AbstractThe article by Kane, Conway, Miura, and Colflesh (2007), on the n-back as a test of working memory, began its life as a full length manuscript. It was ultimately published, however, as a short report. The following discussion of the n-back task’s invention needed to be cut from the original manuscript, but we thought that others might find it useful.
“N-back tasks are typically implemented as continuous-recognition measures that present long sequences of stimuli, such as letters or pictures. For each item in the sequence, people must judge whether it matches the one presented n items ago, with n manipulated between blocks of trials (e.g., in the sequence A-B-A-C-D-E-C, the second “A” would be a 2-back match, whereas the second “C” would be a 3-back match). N-back arguably has face validity as a WM task because subjects must continuously maintain and update a dynamic rehearsal set while also responding promptly to each item.” (Kane, Conway, Miura, & Colflesh, 2007, p. 615)
The n-back task has a curious history, having been independently re-invented or re-popularized in several different decades, and having witnessed continuous and widespread use only subsequent to the neuroimaging boom of the 1990s. Kay (1953) appears to have invented the task in his unpublished dissertation on the effects of aging and fatigue on human performance (cited in Welford, 1958, pp. 248-251). Civilian air crew completed 0-, 1-, 2-, 3- and 4-back tasks, both before and after their flights, on apparatus consisting of a row of 12 lights with a key beneath each; following each new light in the sequence, subjects pressed the key corresponding to the one n-back. Accuracy dropped steeply from the 1- to 2- to 3-back tasks. Moreover, crew who were under 30 years old significantly outperformed those who were over 30, particularly on 3-back, but the fatigue that followed a flight eliminated the advantage for younger subjects by reducing only their scores and leaving older subjects’ scores unaffected. Two subsequent n-back publications in the 1950s confirmed Kay’s report of age-related deficits in n-back (Kirchner, 1958), and the dramatic drop in accuracy as n increased beyond 1 (Mackworth, 1959).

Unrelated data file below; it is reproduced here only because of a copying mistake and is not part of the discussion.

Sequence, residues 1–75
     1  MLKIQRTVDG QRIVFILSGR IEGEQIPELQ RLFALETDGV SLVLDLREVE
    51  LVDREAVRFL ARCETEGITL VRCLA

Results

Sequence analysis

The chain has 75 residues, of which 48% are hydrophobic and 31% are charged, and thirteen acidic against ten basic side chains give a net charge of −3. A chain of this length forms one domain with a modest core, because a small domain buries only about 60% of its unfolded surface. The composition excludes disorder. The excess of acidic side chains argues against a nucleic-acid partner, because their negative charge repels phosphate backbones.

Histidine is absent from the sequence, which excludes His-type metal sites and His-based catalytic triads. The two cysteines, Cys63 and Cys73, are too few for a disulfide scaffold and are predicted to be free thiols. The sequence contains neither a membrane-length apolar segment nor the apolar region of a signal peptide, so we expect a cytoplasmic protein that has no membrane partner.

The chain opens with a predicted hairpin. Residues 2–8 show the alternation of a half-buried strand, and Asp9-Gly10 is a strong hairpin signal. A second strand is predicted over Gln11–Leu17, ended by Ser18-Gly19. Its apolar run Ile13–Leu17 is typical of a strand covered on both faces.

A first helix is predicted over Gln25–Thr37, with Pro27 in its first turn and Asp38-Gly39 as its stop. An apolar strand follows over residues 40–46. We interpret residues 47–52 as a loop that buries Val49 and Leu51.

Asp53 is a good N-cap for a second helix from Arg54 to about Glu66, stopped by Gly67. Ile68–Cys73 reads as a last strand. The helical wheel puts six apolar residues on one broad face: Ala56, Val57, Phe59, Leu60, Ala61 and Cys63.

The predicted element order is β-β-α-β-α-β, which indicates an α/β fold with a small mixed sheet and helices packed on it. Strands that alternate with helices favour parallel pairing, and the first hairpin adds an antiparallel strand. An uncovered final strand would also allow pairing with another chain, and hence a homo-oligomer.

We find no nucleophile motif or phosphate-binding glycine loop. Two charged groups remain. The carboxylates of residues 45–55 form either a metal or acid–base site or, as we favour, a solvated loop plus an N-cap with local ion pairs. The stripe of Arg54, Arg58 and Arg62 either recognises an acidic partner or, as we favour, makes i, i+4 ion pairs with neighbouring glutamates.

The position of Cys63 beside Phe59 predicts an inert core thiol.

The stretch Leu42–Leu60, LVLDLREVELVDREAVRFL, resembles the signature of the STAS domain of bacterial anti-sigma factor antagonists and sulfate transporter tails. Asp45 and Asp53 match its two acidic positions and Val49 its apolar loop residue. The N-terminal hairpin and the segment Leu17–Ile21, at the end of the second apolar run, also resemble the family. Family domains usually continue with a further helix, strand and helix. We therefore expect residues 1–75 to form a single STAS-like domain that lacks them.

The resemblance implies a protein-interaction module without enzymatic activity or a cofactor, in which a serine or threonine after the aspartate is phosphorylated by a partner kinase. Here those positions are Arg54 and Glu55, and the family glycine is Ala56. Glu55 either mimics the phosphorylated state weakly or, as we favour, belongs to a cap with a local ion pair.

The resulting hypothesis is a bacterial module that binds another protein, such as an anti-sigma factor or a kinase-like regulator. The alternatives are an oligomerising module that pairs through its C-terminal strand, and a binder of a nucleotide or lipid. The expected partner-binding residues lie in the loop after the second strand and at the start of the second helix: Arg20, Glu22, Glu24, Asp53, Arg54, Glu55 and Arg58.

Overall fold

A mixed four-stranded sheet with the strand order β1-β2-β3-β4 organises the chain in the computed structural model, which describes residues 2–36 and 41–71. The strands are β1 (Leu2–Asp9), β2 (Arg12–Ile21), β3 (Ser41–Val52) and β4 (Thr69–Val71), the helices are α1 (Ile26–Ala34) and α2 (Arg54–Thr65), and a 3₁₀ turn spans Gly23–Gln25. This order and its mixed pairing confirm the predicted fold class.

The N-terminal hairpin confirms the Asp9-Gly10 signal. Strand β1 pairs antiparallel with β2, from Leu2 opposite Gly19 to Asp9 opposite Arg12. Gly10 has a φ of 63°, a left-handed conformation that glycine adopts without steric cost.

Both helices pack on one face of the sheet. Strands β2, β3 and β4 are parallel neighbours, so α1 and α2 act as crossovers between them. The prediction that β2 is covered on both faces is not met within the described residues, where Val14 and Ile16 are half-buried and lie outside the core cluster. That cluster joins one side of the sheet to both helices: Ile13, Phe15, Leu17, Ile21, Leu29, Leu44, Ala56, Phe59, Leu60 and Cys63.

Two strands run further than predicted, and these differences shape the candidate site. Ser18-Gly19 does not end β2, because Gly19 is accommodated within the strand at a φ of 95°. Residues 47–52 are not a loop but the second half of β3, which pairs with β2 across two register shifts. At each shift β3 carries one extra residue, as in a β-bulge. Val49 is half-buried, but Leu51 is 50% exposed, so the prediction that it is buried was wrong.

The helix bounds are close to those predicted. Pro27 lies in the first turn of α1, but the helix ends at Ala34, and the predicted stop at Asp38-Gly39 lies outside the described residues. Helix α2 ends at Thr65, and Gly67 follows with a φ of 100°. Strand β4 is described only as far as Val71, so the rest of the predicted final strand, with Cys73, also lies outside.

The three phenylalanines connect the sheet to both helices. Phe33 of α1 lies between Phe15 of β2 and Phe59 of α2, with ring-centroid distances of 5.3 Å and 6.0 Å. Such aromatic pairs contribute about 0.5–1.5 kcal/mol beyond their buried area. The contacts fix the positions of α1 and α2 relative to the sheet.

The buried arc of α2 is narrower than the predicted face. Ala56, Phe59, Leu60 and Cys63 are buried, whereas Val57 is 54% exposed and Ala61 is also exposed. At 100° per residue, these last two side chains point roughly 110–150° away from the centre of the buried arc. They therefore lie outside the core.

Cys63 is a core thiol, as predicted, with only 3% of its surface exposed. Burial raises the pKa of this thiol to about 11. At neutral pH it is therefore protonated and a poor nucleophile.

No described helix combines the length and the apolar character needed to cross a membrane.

Apparently unaware of this prior research, Ross (1966a, 1966b; Moore & Ross, 1963) re-invented the n-back task as a variant of the recently developed “running memory” span task of short-term memory (Pollack, Johnson & Knaff, 1959). Ross’s work is scarcely cited, but it provides the most thorough task analysis of n-back to date. It also conceived experimental manipulations of serial order that recent studies independently verified as critical to n-back’s validity as a working memory measure (e.g., Gray et al., 2003; Kane et al., 2007; Oberauer, 2005).
After 25 years without any subsequent n-back publications, two separate studies initiated the modern era of n-back research. Citing Kirchner’s (1958) aging work, Dobbs and Rule (1989) developed a version of n-back in which adults in their 30’s to their 90’s heard a sequence of digits and called out the corresponding 0-, 1-, or 2-back digit. This large-scale study is often discussed in the aging-of-working-memory literature, but it seems to have inspired only a few subsequent n-back studies with older-adult populations (Hartley, Speer, Jonides, Reuter-Lorenz, & Smith, 2001; Kwong-See & Ryan, 1995; Oberauer, 2005; Verhaeghen & Basak, 2005). At about the same time, however, Gevins et al. (1990) re-invented the task while ushering in its neuroscientific study. They analyzed event-related potentials (ERPs) from 5 test pilots performing 0- and 2-back tasks for hours at a time. Fatigue dramatically affected 2-back error rates and ERP pattern and magnitude. A widely cited follow-up study by Gevins and Cutillo (1993) demonstrated substantial frontal-lobe contributions to n-back and so deserves credit for stimulating an explosion of PET and fMRI studies (e.g., Awh et al., 1996; Cohen et al., 1994; Jonides et al., 1997; Schumacher et al., 1996).
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